Peter Huck, a civil and environmental engineering professor and industrial research chair in water treatment, was recently awarded more than $3 million to continue his research program at the University of Waterloo.

As part of the Natural Sciences and Engineering Research Council of Canada (NSERC) Industrial Research Chair (IRC) program, the funding will allow the long-time researcher and fixture of Canadian water science to continue his work and collaborations. With the support of the NSERC-IRC, Huck leads a group of researchers, graduate students, and postdoctoral fellows addressing challenges in water treatment and supply.

“We actively collaborate with our partners,” said Huck. “They don’t just fund the projects— we work with them directly. We work in their facilities and use their water in our research.”

Peter Huck
Peter Huck, NSERC chair in Water Treatment, left, with Research Associate Michele Van Dyke, centre, and Research Associate Professor Sigrid Peldszus, right. Image and caption credit: University of Waterloo.

The program is funded jointly by NSERC and 17 Canadian industry partners, including municipal organizations responsible for water treatment and supply, consulting companies, and manufacturers in the water treatment space. Huck and his team will be funded over a 5-year period.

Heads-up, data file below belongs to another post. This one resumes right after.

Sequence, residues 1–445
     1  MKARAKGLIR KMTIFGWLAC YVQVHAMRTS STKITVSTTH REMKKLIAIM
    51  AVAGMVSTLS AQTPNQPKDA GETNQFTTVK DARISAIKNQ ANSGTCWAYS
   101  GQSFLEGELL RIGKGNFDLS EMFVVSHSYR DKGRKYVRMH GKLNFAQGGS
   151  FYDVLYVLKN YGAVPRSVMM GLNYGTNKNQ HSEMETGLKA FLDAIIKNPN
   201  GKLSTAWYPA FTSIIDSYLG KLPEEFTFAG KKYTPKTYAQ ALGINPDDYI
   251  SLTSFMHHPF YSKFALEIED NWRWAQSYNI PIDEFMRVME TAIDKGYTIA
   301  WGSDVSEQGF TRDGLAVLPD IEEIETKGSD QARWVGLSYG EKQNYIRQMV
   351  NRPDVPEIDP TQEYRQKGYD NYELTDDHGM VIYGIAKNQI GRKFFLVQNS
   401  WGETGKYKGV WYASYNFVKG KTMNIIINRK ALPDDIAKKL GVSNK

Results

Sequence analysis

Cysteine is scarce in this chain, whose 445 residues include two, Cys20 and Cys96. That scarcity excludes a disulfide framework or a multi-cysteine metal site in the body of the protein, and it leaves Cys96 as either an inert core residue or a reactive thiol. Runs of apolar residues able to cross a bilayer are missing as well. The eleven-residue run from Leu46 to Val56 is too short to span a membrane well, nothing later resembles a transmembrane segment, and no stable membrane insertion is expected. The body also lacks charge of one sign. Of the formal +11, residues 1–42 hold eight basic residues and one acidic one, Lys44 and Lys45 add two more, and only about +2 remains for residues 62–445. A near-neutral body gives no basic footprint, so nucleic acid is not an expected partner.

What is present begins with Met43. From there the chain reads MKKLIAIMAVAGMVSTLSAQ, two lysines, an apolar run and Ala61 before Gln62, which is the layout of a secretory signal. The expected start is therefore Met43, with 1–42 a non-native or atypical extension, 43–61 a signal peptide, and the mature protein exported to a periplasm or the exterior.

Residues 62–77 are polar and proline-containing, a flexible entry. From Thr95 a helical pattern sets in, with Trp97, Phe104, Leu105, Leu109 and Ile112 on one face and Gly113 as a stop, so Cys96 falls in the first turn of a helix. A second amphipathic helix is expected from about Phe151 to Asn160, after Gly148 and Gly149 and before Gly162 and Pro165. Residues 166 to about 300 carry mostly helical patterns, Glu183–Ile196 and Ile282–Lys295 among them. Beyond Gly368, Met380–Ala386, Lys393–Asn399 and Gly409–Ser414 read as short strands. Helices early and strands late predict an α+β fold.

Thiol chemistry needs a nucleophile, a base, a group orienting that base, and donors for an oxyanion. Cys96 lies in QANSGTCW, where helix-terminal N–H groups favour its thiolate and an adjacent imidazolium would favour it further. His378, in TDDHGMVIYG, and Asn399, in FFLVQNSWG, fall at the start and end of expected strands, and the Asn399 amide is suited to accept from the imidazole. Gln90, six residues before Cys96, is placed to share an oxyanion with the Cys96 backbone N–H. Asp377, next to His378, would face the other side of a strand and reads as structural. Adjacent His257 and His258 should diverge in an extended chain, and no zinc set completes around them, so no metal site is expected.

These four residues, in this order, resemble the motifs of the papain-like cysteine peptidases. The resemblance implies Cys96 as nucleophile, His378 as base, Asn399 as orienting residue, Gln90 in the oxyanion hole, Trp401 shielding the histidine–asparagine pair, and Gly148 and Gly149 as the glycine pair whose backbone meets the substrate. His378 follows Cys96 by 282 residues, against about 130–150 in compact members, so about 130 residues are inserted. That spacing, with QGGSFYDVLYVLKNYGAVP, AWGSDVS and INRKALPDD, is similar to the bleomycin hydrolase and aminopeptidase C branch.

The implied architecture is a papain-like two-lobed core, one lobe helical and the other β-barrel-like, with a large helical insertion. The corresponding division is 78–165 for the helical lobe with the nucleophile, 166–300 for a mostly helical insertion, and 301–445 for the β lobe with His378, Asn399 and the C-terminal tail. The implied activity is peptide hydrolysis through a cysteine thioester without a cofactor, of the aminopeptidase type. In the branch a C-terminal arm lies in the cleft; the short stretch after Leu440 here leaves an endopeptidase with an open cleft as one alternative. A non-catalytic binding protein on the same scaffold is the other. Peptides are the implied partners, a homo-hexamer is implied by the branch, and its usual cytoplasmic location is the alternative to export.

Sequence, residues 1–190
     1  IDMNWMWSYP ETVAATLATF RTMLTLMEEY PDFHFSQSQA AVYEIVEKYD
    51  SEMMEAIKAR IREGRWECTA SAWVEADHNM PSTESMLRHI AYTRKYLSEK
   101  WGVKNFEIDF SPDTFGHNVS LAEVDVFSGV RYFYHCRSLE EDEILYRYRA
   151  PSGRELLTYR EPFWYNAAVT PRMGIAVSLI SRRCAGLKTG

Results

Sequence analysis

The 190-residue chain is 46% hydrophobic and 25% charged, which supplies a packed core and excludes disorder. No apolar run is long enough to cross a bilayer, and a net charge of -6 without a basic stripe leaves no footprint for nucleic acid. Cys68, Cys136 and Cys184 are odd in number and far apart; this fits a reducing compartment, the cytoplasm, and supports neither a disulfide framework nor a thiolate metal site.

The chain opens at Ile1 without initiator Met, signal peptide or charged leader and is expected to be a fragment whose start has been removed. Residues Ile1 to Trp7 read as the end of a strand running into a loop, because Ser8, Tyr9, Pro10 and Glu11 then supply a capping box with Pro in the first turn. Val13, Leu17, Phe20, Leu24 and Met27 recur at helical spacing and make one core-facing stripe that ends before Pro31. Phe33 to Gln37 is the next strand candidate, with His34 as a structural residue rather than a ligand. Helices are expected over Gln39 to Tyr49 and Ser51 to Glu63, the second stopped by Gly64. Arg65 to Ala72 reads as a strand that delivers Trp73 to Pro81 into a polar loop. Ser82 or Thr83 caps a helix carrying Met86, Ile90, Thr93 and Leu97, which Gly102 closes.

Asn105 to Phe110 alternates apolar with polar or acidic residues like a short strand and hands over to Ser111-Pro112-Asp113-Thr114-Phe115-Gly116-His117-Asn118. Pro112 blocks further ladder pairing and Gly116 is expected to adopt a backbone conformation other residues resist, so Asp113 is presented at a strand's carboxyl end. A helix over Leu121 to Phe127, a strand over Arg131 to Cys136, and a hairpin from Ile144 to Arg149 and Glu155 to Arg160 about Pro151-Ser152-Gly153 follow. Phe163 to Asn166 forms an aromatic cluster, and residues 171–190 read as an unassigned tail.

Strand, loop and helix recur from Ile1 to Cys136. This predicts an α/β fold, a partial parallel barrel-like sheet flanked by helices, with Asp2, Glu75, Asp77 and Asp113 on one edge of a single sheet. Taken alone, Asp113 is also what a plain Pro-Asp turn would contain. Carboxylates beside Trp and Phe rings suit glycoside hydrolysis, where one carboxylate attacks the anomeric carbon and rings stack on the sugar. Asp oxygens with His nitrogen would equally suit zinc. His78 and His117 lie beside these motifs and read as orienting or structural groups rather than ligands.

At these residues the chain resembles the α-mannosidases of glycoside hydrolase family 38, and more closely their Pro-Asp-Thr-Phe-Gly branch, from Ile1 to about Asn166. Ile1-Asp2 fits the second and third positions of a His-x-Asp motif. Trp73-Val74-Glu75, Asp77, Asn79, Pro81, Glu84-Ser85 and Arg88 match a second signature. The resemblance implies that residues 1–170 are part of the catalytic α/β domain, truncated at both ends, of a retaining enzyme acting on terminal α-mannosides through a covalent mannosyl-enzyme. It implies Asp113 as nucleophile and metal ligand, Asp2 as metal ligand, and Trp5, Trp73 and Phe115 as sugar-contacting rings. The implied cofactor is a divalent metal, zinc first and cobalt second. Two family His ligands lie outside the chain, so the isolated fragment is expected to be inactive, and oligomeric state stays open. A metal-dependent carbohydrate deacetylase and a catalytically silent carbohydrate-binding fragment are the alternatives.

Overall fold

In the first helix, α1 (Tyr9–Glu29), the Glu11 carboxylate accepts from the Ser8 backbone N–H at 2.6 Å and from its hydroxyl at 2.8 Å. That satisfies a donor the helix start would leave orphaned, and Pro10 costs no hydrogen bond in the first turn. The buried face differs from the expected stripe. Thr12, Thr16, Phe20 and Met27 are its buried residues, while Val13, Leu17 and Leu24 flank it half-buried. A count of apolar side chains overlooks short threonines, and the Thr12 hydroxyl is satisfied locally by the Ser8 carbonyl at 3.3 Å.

The new funding will support three areas of research: preparing for adverse events, developing green and innovative technology, and minimizing the amount of lead in our water.

Huck and his collaborators provide new information about water resources, treatment processes, and distribution systems that are used by their partners. Huck’s research is also extremely well regarded internationally, and results in publications in first rank journals and invitations to leading institutes and conferences.

A former Canadian Water Summit participant and inaugural board member of WaterTAP, Huck established the IRC in Water Treatment 25 years ago. The program is now in its sixth term and is the first IRC to be continuously renewed by NSERC through six terms.

“I started working in drinking water in the 1980s,” said Huck. “There was much less research happening in drinking water than there was in wastewater. The IRC program seemed like a good opportunity to involve municipal and private sector partners, while providing the support and funding we needed for research.”


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